Why You’re Not Making Any Gains

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Fat Loss Stalled?  Hypertrophy stalled?  Strength stalled?  

There are many reasons why this could be :  inadequate diet for your goals, lack of sleep (less than 7-9 hours) poor desire or mental fortitude, inability to handle your stressors, inadequate supplementation, nutrient deficiencies, doing too much cardio, doing the wrong type of cardio, training too often, training too little, you out party Keith Richards….


Your not trying to make your exercises harder!

The bottom line is, your body likes the path of least resistance.  This is a survival mechanism honed over thousands of years of evolution.   This is what ensures your survival.  So when you commit to a new exercise or new training program your body essentially says “well this sucks, better adapt so it is easier next time” – hence the need for constant new stimulus to maintain a constant state of progression.  An exercise is only as good as the time it takes you to adapt to it

The best coaches strive to constantly make your exercises harder – not easier!

So how do you make an exercise harder without adding more weight?  Because eventually your strength will top out.  And eventually you will have to start looking at harder ways to do an exercise in order to bring up your weak points.  The best strength coaches in the world look at your weak points in a lift, strengthen them, which then in turn enables you to progress again at the chosen lift.  Example : working on your triceps to bring up your bench, working on your shoulders to bring up your bench, working on your scapular stability to bring up your bench, working on your external rotators to bring up your bench,  working on your ability to rip the bar apart to bring up your bench, working on your bar path to bring up your bench…

Knowing how to assess and pin point weaknesses in a given lift is some elite level coaching right there so what can the intermediate to advanced gym goer do to burst through a plateau?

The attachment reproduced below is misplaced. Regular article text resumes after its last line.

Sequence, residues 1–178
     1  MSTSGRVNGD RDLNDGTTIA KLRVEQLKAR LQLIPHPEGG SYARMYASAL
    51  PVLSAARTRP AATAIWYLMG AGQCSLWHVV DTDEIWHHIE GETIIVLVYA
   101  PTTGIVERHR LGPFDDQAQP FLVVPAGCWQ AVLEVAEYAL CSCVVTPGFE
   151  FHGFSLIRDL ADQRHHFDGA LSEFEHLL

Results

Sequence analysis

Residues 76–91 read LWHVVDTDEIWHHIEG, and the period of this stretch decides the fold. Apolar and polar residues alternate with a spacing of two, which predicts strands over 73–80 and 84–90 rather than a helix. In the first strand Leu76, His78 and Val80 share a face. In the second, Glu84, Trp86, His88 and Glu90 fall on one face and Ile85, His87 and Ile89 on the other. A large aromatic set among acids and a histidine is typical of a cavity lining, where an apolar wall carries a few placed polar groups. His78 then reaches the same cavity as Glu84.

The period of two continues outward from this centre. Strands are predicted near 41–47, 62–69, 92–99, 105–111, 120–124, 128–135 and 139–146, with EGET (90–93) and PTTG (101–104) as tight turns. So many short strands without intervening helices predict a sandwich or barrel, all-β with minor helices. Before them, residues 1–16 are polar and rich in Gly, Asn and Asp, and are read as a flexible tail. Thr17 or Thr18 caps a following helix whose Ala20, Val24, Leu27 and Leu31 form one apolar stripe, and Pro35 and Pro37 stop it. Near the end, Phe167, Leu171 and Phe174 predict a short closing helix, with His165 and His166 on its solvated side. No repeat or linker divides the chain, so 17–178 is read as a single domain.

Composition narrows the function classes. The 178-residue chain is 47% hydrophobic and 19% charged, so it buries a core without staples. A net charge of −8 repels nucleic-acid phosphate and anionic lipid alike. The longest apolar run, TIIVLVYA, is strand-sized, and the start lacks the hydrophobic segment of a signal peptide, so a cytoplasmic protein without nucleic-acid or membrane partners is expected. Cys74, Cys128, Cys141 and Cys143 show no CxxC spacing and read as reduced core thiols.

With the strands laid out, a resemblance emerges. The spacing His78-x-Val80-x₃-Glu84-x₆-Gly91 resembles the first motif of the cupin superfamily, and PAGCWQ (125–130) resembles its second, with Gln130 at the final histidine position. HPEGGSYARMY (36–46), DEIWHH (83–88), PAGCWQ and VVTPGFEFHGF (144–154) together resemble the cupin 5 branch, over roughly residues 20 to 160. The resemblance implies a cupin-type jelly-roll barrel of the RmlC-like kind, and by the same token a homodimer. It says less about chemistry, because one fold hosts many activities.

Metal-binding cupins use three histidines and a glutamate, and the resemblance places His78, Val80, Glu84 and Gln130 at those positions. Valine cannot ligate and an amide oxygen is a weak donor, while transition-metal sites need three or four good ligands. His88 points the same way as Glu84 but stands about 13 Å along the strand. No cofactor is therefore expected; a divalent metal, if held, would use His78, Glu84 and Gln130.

Here are 2 simple variations to get you going :

The first thing you might want to try is :

1. Pauses

Think of your muscles as elastic bands.  Springy, bouncy elastic bands.  A stretch-shorten cycle (SSC) is defined as an eccentric contraction (lowering) followed by an immediate concentric contraction (raising).  Any normal rep you do in the gym has a SSC.  During the stretch phase of an exercise, elastic structures in the muscle store elastic energy which is returned during the concentric phase of the motion.  The transition between eccentric and concentric must be immediate for the elastic energy to be returned.  If the transition between eccentric and concentric is not immediate, the energy is dissipated within the muscle.  This eccentric phase of the exercise elicits the stretch reflex which then increases the activation of the muscle that was stretched resulting in a more forceful contraction.  The eccentric phase ‘preloads’ the muscle so to speak

So, pause at the bottom of a squat for 2 – 5 seconds to allow the stored elasticity to dissipate.  Now you have use pure brute strength to get out of the hole.  No bounce, no spring, no recoil.  You will have to lighten the load initially when starting out with this method.

Below Dmitry Klokov does a 5 second pause on a 250kg front squat……

( Now i’ll be the first to admit that the above is a brutally strong man doing a brutally long pause with a brutally large weight!  
So for us mere mortals a simple variation would be 6 front squats with a 2 second pause at the bottom…sheeesh 250kg )

2. Add chains or bands to accommodate the strength curve of certain exercises

Adding chains to the bar in a squat or deadlift for example makes the weight progressively heavier as you come up from the bottom position.   In the bottom position more chain is on the floor and the total weight of the bar and chain is lighter.  As you come up less chain is on the floor making the bar heavier as you get into a stronger and stronger or mechanically advantageous position.  This technique allows you to train the lockout on deadlifts, squats and presses amongst other things 

Hopefully that gives you some ideas on how to burst through some plateau’s.

If you want to implement some plateau busting ideas and learn how you can train with me 3 times a week for less than the price of 1 normal PT session – click here

See you in the gym